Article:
Imperial Japan on Screen, 1931–2022


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About the Book

This book deals with film depictions of Imperial Japan from the time it was a totalitarian power to the productions of recent years. It especially covers wartime depictions, as well as the historical events that inspire the stories behind these productions. In the 1930s, Hollywood gave us the likeable Mr. Moto at the same time Japan was set on its expansionist course. When war broke out, both the Allies and the Axis produced propaganda films that increased hatred for the enemy. In the postwar years as the Cold War took hold, the U.S. government encouraged friendship with their former wartime enemy. This book details correspondence between studio personnel and the Production Code office, as well as the critiques of film reviewers, historians and military figures from both sides of the conflict. Also examined are behind-the-scenes machinations from both the Japanese and American governments in the censorship of controversial film content.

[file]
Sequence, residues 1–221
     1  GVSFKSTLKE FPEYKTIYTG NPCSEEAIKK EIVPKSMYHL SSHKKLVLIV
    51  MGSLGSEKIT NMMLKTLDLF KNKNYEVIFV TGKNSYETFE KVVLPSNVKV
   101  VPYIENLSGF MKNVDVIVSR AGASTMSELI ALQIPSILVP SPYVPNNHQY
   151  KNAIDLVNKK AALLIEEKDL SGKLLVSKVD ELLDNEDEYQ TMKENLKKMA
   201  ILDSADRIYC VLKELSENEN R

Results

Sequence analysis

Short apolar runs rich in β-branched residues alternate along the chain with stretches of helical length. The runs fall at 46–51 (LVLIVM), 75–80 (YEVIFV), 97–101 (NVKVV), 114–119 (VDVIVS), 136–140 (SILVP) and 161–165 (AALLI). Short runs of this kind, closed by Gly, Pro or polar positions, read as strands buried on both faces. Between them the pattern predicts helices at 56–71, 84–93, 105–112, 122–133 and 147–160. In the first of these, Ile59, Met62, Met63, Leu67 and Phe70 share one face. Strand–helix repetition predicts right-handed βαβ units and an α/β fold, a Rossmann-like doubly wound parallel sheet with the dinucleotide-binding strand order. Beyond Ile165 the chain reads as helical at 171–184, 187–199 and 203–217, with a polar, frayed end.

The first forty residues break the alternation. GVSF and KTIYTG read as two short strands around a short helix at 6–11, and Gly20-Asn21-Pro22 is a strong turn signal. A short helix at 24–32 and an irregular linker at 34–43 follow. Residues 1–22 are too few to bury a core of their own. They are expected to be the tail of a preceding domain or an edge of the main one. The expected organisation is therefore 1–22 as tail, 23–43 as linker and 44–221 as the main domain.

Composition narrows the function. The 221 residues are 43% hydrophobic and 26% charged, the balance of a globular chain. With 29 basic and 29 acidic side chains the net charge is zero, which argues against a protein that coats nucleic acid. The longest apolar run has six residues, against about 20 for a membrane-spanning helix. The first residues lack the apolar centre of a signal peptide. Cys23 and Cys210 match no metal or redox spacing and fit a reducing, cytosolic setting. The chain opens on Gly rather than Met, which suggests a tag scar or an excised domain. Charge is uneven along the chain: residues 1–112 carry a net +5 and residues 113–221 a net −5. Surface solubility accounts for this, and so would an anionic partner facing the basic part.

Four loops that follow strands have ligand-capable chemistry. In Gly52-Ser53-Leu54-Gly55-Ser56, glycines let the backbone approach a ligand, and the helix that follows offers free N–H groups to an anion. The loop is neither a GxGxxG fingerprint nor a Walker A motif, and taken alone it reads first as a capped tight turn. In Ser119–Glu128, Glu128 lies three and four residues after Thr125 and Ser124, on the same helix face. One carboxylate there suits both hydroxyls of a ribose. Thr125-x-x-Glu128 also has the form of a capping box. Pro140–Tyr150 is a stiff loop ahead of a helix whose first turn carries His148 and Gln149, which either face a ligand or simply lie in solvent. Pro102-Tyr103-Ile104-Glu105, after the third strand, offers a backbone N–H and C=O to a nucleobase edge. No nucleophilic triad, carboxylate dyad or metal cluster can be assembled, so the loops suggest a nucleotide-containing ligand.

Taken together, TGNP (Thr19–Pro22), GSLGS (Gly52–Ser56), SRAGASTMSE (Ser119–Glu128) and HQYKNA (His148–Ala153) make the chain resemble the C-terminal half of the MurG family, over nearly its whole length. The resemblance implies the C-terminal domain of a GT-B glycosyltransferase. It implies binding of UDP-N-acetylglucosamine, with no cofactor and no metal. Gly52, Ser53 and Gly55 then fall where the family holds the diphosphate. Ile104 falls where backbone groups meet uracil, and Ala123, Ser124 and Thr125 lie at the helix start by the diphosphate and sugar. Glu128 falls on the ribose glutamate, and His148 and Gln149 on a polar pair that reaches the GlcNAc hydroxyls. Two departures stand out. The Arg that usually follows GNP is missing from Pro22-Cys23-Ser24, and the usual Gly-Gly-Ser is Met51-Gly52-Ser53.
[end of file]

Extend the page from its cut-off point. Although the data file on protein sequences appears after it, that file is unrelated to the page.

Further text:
About the Author(s)

Writer, actor and comedian Bob Herzberg is the author of scholarly books and Western novels. He lives in Brooklyn, New York.

Bibliographic Details

Bob Herzberg
Format: softcover (7 x 10)
Pages: 212
Bibliographic Info: 42 photos, notes, bibliography, index
Copyright Date: 2023
pISBN: 978-1-4766-8987-6
eISBN: 978-1-4766-4972-6
Imprint: McFarland

Table of Contents

Acknowledgments vi
Jobun (Preface) 1
1. Hirogari (Expansion): 1931–1941 5
2. Senso (War): 1942–1943 17
3. Kyoufu (Terror): 1944–1945 44
4. Heiwa (Peace): 1946–1953 67
5. Kaibutsu (Monster): 1954–1960 101
6. Rekishi (History): 1961–1980 127
7. Kioku (Memory): 1981–2022 182
Chapter Notes 195
Bibliography 199
Index 201